The Complete Thin Man Collection
($59.92), along with After the Thin Man, Another
Thin Man, Shadow of the Thin Man, The Thin Man Goes Home, Song of the Thin Man and the docu
compiliation disc Alias Nick and Nora.
Reviewed by Glenn Erickson
The classic moment in The Thin Man comes when William Powell announces that he's going to invite all the suspects to dinner as a way of finding out who the murderer is. Chances are that gag was a cliché long before this film ever came out but watching it now, it plays like history is being made. On old television viewings, The Thin Man was a creaky fossil with scratches and bad audio; Warner's DVD makes it look ... well, if not brand-new, then awfully close. Several generations of movie fans have discovered it since its mid-Depression debut.
Nick and Nora Charles (William Powell and Myrna Loy) are in New York on pleasure. A prominent detective, he retired to run his wife's business affairs. They spend their time shopping, drinking and walking their dog Asta (Asta). Nick is drawn back into the sleuthing racket when an old associate, inventor Clyde Wynant (Edward Ellis) disappears and is suspected of murder. Other suspects appear by the handful - Wynant's money-grubbing ex-wife (Minna Gombell), her slimy husband Chris (Cesar Romero) and thug Joe Morelli (Edward Brophy). Nick cares a lot for Clyde's daughter Dorothy (Maureen O'Sullivan) and so does his best to solve the crime, even after an attempt on his life. Naturally, he and Nora hardly miss a highball during the course of the investigation.
With a literary pedigree courtesy of Dashiell Hammett and the considerable chemistry between its two stars, The Thin Man was a natural success. The exceptionally witty script by Hackett & Goodrich has a new clever remark every minute and director 'mister speedy' Van Dyke arranges thriller and comedy elements into a slick and sophisticated enterprise. Nick & Nora's natural, unforced dialogue delivery became the envy of the upscale set, and their lifestyle the dream of the Depression's dispossessed. One can imagine Mia Farrow watching this film in Woody Allen's The Purple Rose of Cairo and being carried away by it. The Charles's live in a swank Manhattan hotel and come off as great people to know. Nora wears killer outfits even when slouching on the sofa, and they blithely order their booze from a room service that's an unending tap. It's the perfect fantasy: rich swells who are swell folks.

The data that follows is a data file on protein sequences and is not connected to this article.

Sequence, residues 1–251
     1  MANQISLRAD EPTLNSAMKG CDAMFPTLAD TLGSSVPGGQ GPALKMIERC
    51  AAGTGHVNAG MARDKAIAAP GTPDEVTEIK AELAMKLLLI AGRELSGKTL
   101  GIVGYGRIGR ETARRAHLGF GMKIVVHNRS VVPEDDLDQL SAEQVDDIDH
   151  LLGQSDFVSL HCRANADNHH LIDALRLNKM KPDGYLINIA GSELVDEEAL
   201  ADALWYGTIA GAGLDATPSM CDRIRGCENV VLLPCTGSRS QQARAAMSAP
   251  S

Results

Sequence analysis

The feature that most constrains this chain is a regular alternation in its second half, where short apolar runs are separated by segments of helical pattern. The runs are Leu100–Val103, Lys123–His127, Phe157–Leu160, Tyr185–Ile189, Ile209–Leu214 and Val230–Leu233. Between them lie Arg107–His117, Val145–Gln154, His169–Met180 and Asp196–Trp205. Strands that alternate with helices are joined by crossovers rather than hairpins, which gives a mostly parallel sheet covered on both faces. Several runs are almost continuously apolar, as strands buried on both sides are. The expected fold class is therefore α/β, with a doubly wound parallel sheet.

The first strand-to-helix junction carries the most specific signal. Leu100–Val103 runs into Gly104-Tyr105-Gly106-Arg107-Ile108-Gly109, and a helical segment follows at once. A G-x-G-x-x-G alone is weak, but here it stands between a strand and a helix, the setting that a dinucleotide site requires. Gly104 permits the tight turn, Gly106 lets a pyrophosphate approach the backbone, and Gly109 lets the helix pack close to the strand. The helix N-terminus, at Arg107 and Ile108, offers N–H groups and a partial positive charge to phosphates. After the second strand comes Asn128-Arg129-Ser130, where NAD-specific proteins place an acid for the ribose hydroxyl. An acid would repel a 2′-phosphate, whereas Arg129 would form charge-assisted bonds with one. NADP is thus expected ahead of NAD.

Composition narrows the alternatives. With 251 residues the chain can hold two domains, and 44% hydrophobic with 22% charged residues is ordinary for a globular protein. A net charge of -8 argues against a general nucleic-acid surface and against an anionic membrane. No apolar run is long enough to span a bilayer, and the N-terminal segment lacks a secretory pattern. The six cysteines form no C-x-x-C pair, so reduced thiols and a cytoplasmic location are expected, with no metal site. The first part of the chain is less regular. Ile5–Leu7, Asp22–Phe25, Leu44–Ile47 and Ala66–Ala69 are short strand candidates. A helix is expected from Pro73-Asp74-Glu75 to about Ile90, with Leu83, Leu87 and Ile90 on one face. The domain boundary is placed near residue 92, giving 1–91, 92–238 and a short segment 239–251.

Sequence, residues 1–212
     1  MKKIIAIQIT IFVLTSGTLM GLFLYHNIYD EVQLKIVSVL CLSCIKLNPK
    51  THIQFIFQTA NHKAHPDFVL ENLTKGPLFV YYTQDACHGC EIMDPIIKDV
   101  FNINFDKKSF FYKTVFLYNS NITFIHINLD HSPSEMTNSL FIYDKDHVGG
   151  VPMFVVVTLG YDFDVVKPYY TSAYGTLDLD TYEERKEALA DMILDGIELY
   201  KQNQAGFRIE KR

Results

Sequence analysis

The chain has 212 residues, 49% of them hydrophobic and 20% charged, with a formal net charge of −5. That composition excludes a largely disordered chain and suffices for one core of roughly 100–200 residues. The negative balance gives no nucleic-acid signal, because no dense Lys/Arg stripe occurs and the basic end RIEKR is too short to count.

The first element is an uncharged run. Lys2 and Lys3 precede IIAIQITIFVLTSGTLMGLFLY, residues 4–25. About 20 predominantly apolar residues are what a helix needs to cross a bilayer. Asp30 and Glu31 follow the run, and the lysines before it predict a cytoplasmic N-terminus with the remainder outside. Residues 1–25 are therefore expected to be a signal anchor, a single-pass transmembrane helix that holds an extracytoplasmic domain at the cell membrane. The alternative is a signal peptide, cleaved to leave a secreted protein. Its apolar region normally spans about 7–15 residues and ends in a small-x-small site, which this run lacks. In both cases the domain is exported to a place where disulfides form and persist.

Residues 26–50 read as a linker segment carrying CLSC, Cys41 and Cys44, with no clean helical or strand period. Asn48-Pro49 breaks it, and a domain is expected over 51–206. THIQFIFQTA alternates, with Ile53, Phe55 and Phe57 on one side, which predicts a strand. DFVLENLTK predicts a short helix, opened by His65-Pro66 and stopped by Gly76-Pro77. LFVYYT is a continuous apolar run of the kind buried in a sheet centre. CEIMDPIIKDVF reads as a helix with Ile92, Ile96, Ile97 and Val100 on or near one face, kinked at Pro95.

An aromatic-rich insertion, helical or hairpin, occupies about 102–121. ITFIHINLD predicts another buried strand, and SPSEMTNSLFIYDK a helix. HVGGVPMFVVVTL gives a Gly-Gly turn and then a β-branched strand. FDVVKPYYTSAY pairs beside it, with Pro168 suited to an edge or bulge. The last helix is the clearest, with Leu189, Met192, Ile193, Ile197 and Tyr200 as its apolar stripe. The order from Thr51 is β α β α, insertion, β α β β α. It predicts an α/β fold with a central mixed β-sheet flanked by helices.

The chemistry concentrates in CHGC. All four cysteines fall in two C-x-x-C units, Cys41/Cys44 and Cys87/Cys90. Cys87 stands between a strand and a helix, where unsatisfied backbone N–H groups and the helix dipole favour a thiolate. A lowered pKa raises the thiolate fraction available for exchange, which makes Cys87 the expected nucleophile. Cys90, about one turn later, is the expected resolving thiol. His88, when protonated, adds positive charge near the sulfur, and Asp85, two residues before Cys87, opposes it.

The film divides its time equally between light character fun and a reasonably engaging mystery. Nick playfully shoots Christmas ornaments with his brand new popgun and then oversees the unearthing of a corpse from freshly laid concrete, naturally without getting his fingers dirty. Their relationship was made for the films: Nick and Nora banter, flirt, insult and if necessary slap each other around, but their mutual devotion is never in doubt. They're just too faux-hardboiled to be bogged down with unnecessary sentiment, especially when drinks are waiting.
Part of Nick and Nora's success also comes from a Hays code dodge. 2 The couple are devoted, upstanding, and faithful ... they only act and talk like libertines, kidding one another about other women and sex. What they actually do is completely in line with the code - they even sleep in twin beds. Like all the great Golden Age screenwriters, Hackett & Goodrich were experts at innuendo and playful sex talk. She: "It says you were shot 5 times, in the tabloids." He: "The bullet didn't come anywhere near my tabloids."
Powell was never more handsome or charming and Myrna Loy is a sight to die for, a unique beauty with a pinched nose, catlike face and an utterly disarming manner. This very relaxed behavior- based comedy is perhaps their best. Doggie star Asta was the rage as well, even though he's just asked to play straight-dog to Powell's quips. Not their equal in star caliber but just as beloved is supporting actress Maureen O'Sullivan, famous as Tarzan's Jane. Her disappointed socialite suddenly and unconvincingly declares, "I'm never going to get married or have children. From now on I'm just going for the ride."